Returns for de novo investors can be attractive. There is a risk associated with the initial start-up expenses and a resulting decline in tangible book value. A de novo raises initial capital at tangible book value. While building a franchise, reaching profitability and creating a successful bank allows for multiple expansions and strategic options which can provide attractive returns for initial investors.
Creating a well-connected and qualified board, management team and investor group is proven to be the best recipe for success. Having these individuals and businesses as deposit and lending customers increase, the community’s confidence in the bank facilitates the business generation, along with the marketing and word of mouth publicity.
The proper de novo team is comprised of the founder team, a strategic consultant with regulatory expertise and legal counsel. Business plans now routinely surpass 250 pages and legal requirements continue to expand. When choosing these partners, it is important they have experience in submitting de novo applications in recent years as nuances continue to evolve. Further, ensure all the fees paid are “success based,” so applicable expenses are aligned to the accomplishment of specific milestones.
Regulatory changes, market opportunities and industry consolidations have created an environment in which a de novo bank can form and flourish. With the right founding group and partners, now is the time to explore being part of the next wave of de novo banking.
This is the second in a five-part series that examines the bank M&A market from the perspective of five attendees at Bank Director’s Acquire or Be Acquired conference, which occurred in late January at the Arizona Biltmore resort in Phoenix.
Read the perspectives of other industry leaders:
John Asbury, president and CEO of Union Bankshares
Gary Bronstein, a partner at Kilpatrick Townsend & Stockton LLP
Eugene Ludwig, founder and CEO of Promontory Financial Group
It’s tempting to think that rising profits and higher stock valuations will spur merger and acquisition (M&A) activity in the bank industry. But that isn’t necessarily the case, says Kirk Wycoff, managing partner of Patriot Financial Partners L.P., a Philadelphia-based private equity fund that invests in banks with between $500 million and $5 billion in assets.
Wycoff characterizes the current M&A landscape as lukewarm. He gives it a grade of B. “About 4 percent of the industry consolidates every year,” he notes. “So 25 years ago, when there were 15,000 banks, there were 600 bank transactions a year. Now there are 6,000 banks, which translates into 240 transactions a year. The investment bankers always say, ‘Next year is going to be the best year ever,’ yet it’s always around 4 percent.”
There is no way to predict future transaction volumes with precision, of course, but Wycoff brings a lot of experience to bear on the issue. From 1991 to 2004, he was chairman and CEO of Progress Financial Corp., growing the Philadelphia-based bank from $280 million in assets to $1.2 billion before selling it to FleetBoston Financial Corp. After Bank of America Corp. bought FleetBoston in 2005, Wycoff founded Philadelphia-based Continental Bank. It became the fastest-growing de novo bank opened in the four years before the crisis and was sold in 2014 to Bryn Mawr Bank Corp., a $4.5 billion bank in neighboring Bryn Mawr, Pennsylvania. And since 2007, Wycoff has been a managing partner at Patriot Financial Partners.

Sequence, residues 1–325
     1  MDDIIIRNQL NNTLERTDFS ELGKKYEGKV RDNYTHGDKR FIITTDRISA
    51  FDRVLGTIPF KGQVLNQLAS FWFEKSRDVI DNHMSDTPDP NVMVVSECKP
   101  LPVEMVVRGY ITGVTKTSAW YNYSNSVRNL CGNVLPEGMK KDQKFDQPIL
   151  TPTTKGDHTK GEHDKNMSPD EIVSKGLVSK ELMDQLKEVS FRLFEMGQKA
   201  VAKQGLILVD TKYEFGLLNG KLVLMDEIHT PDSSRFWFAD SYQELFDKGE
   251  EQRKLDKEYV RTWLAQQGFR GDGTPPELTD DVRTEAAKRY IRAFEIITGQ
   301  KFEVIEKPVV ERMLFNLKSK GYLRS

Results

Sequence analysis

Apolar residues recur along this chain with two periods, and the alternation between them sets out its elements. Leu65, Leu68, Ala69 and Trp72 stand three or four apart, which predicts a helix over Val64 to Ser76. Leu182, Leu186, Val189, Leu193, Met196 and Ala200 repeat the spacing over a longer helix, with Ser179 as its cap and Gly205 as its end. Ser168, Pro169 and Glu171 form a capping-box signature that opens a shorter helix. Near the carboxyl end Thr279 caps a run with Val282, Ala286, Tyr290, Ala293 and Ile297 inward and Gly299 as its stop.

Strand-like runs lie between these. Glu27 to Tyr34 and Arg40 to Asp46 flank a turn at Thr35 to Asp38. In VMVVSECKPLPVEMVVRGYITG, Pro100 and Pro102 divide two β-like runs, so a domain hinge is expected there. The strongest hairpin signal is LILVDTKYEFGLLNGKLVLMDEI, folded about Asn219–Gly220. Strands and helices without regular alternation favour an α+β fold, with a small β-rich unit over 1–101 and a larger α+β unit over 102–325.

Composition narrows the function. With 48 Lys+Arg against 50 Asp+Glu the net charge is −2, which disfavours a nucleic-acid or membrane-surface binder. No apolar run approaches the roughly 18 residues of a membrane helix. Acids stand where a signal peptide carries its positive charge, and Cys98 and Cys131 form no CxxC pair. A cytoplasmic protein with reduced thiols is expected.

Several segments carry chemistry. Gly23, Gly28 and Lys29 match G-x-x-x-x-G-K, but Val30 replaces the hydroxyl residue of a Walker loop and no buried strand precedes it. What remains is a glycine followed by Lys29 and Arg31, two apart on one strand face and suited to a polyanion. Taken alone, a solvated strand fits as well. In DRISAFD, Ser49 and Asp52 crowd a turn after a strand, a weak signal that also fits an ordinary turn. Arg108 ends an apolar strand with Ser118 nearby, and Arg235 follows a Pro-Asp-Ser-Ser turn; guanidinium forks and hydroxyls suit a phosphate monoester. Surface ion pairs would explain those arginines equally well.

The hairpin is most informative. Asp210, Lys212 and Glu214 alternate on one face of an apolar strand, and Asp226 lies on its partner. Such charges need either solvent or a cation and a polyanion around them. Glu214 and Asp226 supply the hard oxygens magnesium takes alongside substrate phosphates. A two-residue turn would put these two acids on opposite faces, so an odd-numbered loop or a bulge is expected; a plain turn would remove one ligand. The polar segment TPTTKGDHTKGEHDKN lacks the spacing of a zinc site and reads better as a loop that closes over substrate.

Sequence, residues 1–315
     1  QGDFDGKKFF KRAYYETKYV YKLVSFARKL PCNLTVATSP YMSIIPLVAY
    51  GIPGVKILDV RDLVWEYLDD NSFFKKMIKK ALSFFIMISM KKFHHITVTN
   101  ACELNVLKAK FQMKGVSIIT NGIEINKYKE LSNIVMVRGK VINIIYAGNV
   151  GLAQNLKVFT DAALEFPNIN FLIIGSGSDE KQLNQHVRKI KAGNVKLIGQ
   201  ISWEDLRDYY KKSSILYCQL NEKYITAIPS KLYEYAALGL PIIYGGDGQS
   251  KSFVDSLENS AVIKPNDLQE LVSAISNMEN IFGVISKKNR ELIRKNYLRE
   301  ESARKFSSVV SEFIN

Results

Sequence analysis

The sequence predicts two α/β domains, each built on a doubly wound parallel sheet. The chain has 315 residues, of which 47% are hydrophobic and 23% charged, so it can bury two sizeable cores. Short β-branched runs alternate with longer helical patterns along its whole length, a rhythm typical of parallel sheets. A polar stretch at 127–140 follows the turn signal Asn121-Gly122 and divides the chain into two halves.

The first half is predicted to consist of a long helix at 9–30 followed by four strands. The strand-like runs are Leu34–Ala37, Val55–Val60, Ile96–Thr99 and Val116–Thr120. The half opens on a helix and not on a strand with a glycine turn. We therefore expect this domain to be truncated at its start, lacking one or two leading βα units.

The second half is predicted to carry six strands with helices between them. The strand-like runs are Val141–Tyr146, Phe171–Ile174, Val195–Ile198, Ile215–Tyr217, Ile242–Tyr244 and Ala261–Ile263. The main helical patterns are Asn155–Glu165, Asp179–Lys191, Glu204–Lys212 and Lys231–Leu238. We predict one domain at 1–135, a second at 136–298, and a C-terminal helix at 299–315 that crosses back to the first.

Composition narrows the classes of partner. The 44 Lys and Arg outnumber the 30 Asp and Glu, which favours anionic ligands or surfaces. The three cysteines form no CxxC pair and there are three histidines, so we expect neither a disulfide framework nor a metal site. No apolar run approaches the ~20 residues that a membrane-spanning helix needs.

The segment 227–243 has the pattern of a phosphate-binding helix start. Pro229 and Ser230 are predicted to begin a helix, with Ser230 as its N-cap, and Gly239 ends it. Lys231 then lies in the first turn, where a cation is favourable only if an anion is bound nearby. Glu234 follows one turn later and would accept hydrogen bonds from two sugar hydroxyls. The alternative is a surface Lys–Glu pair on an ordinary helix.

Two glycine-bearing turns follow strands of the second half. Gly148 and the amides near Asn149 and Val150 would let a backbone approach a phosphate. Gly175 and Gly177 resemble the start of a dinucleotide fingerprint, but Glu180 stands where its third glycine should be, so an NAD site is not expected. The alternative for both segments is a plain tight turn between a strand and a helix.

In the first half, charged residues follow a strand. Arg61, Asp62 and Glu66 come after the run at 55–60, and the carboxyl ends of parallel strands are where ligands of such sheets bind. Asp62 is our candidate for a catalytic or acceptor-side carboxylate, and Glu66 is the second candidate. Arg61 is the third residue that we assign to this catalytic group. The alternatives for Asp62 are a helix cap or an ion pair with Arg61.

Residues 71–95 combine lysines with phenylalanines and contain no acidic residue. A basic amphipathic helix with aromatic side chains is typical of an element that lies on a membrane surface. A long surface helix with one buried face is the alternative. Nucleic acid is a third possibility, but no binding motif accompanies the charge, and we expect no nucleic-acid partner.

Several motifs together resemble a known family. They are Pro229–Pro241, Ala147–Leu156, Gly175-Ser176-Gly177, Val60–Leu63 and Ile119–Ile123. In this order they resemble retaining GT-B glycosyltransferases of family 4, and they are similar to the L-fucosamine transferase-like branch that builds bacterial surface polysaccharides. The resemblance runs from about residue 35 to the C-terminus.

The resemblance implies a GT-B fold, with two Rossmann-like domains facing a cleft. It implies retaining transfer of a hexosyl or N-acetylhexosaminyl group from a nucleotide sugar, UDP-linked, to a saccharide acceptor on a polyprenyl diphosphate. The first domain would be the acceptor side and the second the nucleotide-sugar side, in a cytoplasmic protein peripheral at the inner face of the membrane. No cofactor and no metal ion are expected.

Wycoff shared his perspective as a private equity investor on the M&A landscape with Bank Director at its latest Acquire or Be Acquired conference, held earlier this year at the Arizona Biltmore resort in Phoenix, Arizona. Wycoff’s perspective is one of five Bank Director has cultivated about the M&A landscape following the annual conference.
“I’ve been coming here for 24 years, both for the industry data that the presenters present and for the ideas on how to improve my companies,” says Wycoff. “I was a CEO the first 13 years I came here, so I used a lot of the ideas I picked up to improve the banks I was running. Since I’ve been an investor for the last 11 years we’ve been meeting our banks here, encouraging some of our banks and their boards to come here to learn about mergers and acquisitions, about concepts around accretion and dilution, about governance and the whole process of, if you need to do something strategically, how to do it right.”
Wycoff has a unique perspective on the relationship between profitability and M&A activity. The typical assumption is that higher profitability will spur transactions. It’s at the top of the cycle, after all, when buyers are flush with cash and sellers salivate at the prospect of high valuations. But Wycoff thinks there’s another way to look at this.
“People should think about the value of their bank as if M&A didn’t exist,” he says. “When banks return 15 percent on equity, which they’re on their way to doing, M&A becomes a much less necessary part of the plan because at that rate you’re going to double your capital every six years.”
Given the salutary impact of last year’s tax cuts, combined with the favorable operating environment, the industry could soon find itself in this situation. “As an investor, what struck me at this year’s conference is how good things are,” says Wycoff. “We’ve been in a very, very good credit environment, the industry has tremendous amount of capital, people are very optimistic and earnings are going up because of the tax bill.”
It’s in times like these that investors and board members need to avoid being lulled into a false sense of security, says Wycoff.